Second OpinionsDoes an IV need to be in place for cases...

Does an IV need to be in place for cases involving local anesthesia?

We are interested in the practice of other ASCs regarding the requirement for an IV (at least a reseal) prior to a straight local case.
Seeking both your practice and any potential support in the literature. Our policy is to have an IV reseal in place for the potential response to an untoward occurrence.

Started by: Nancy Burden (Administrator/Director/Manager/Owner/Exec. Officer) at August 11, 2011 (10:25 am)

Comments and Responses

 

Have y'all ever gone to the dentist for a cavity fill? Guess what, you're receiving lidocaine!! This is considered a "local anesthesia block". How many of y'all receive an IV when your at the dentist? I certainly have not.
I highly disagree with a majority of the comments left here. I have worked in a perioperative department for 12 years, 2 of which as a nurse manager. We routinely administer local anesthesia for minor procedures, no IV's required, and have never, ever had any issues. In fact, patients appreciate not having an IV (cause for infiltration risk etc). Our staff are well trained on local anesthesia monitoring as well.Maybe some great educational training and a fresh look at updating policy is what is needed across the US concerning local anesthesia administration.
Does anyone have evidence based data backing the requirement for an IV when a patient is given local anesthesia? I have never, in all my research, found anything stating an IV is required or necessary.

Jaynel Hollis (OR Manager/Supervisor) at September 21, 2018 (6:29 pm) [last edited on September 21, 2018 (6:32 pm)]

We always start an IV. If it is local/minor procedure, it can be just a saline lock, and is usually a 22 or 24g, just to have access with as little pain as possible. If anything happens, we have no legal defense. It is nice to not inflict pain on our patients, but a little poke could be the difference between a good and not so good outcome.

Mark B. (OR Manager/Supervisor) at August 24, 2011 (4:20 pm)

We do not require IVs on minor local anesthesia patients. If there is any question, or if it is ordered as anesthesia standby we start one. Is a lesion removal really any different than when a patient goes to the ER for stitches or the dentist for work? We apply the monitors and IVs are available but it is not routinely done.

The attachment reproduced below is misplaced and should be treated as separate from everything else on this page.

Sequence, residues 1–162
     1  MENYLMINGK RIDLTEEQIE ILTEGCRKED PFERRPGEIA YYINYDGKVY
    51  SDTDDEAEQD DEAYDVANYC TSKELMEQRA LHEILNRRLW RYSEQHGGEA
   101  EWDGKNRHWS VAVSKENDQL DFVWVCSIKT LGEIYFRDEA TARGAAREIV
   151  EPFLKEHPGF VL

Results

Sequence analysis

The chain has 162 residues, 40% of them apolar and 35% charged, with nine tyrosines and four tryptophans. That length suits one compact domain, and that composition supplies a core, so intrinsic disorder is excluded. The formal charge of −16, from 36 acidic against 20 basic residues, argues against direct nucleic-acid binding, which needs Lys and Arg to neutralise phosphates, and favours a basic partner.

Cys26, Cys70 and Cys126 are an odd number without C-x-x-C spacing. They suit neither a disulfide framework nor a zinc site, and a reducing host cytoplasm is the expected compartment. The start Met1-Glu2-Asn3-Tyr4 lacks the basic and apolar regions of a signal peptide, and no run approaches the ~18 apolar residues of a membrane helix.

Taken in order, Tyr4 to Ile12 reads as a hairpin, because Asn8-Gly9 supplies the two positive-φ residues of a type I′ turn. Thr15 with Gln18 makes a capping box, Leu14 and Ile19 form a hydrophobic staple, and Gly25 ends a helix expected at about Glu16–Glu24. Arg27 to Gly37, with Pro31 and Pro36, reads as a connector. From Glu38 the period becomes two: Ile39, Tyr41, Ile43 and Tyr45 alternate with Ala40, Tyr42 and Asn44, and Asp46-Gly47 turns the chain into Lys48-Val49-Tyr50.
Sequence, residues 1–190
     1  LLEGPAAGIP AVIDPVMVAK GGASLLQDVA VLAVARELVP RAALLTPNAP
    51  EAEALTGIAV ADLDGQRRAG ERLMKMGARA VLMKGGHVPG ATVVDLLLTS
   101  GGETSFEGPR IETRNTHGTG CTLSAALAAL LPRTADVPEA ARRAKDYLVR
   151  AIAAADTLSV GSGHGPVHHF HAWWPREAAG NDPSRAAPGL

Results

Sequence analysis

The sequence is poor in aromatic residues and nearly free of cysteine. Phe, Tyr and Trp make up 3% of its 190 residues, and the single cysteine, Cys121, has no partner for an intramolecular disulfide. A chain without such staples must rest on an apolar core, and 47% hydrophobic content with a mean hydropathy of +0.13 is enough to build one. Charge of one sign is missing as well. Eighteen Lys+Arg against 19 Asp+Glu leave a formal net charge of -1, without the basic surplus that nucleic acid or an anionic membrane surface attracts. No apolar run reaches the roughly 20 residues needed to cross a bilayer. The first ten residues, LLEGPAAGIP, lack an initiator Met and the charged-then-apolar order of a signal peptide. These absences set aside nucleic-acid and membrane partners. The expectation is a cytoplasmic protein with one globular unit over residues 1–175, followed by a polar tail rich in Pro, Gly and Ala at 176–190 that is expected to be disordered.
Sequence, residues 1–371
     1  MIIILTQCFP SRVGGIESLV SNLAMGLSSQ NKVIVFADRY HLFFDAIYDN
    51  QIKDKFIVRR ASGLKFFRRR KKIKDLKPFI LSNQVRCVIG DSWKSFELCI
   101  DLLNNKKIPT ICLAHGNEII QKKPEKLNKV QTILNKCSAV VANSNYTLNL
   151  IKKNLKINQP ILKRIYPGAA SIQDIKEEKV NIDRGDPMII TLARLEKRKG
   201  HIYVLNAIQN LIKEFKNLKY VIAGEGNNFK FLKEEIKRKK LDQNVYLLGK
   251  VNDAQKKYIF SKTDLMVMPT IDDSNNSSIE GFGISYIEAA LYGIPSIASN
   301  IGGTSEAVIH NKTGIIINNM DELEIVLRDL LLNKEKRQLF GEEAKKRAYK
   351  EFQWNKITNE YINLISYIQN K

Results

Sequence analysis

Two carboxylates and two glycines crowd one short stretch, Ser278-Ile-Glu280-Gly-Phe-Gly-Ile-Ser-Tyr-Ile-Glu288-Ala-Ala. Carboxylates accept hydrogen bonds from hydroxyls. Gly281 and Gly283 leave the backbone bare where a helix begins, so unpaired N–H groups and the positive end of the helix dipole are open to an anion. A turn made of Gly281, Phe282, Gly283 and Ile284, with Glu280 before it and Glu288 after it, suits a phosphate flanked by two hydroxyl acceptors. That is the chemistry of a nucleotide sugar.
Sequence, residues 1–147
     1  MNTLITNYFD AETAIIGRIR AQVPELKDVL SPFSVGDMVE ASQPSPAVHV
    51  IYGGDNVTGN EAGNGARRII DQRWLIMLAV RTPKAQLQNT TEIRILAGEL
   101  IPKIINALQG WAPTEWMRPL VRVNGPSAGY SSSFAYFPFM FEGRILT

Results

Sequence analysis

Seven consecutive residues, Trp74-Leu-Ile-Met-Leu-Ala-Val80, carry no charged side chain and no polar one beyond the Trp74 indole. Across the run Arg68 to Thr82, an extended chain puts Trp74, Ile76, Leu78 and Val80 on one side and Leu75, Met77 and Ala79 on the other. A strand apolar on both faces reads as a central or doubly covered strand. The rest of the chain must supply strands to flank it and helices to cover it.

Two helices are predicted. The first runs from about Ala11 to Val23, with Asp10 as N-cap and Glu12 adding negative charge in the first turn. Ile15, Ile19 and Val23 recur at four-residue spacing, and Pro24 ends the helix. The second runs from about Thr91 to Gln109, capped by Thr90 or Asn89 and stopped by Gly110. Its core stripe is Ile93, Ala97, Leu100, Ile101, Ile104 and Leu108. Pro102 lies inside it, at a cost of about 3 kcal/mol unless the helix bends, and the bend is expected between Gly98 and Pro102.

Ermel H. (OR Manager/Supervisor) at August 15, 2011 (4:24 pm)

baancing patient comfort with patient safety can sometimes be difficult. I guess considering the number of nurses, facilities and surgeons I've worked with in 20 years who have NO CLUE as to what the limit doses and toxic effects of local anesthetics are, I would certainly not want to be the one standing there providing sweet words of comfort as the patient seizes or has a cradiac arrest! Think about what your legal defense would be if something happened? better yet, how many facilities actually have an inservice on locals and toxicity levels?

S. Berkowitz (Anesthesiologist/Nurse Anesthetist) at August 12, 2011 (11:44 am)

Saline locks are placed on all patients going to the OR, as well as routine monitoring of SpO2, NIBP and ECG. If the patient experiences an unexpected complication/reaction their peripheral vascular system is the first to shut down. Try finding IV access then. Better safe than sorry.

M. SMITH (Director, Surgical Services/Director of Nursing) at August 12, 2011 (9:21 am)

Saline locks are placed on all patients going to the OR, as well as routine monitoring of SpO2, NIBP and ECG. If the patient experiences an unexpected complication/reaction their peripheral vascular system is the first to shut down. Try finding IV access then. Better safe than sorry.

MELINDA SMITH (Director, Surgical Services/Director of Nursing) at August 12, 2011 (9:20 am)

Saline locks are placed on all patients going to the OR, as well as routine monitoring of SpO2, NIBP and ECG. If the patient experiences an unexpected complication/reaction their peripheral vascular system is the first to shut down. Try finding IV access then. Better safe than sorry.

MELINDA SMITH (Director, Surgical Services/Director of Nursing) at August 12, 2011 (9:20 am) [last edited on August 12, 2011 (9:20 am)]

We do not start IV's on local procedures at my facility, unless a pre-op IV antibiotic is ordered, which is rare.

Dawn Vocke (OR Manager/Supervisor) at August 12, 2011 (8:09 am)

We do not mandate an IV on straight locals where there is no anesthesia professional present in the case. We leave the decision to the physician performing the procedure to make the call. We do have the items needed to start one immediately available in the room.

Catherine M. (Other) at August 12, 2011 (7:41 am)

My facility ALWAYS starts at least a HepLock on every patient, regardless of the type of anesthesia. You never know what untoward reaction a patient may have and you don't want to find yourself fumbling with an IV insertion when you really need the access. "An ounce of prevention is worth a pound of cure."

LUISA P. (OR Manager/Supervisor) at August 11, 2011 (6:55 pm)

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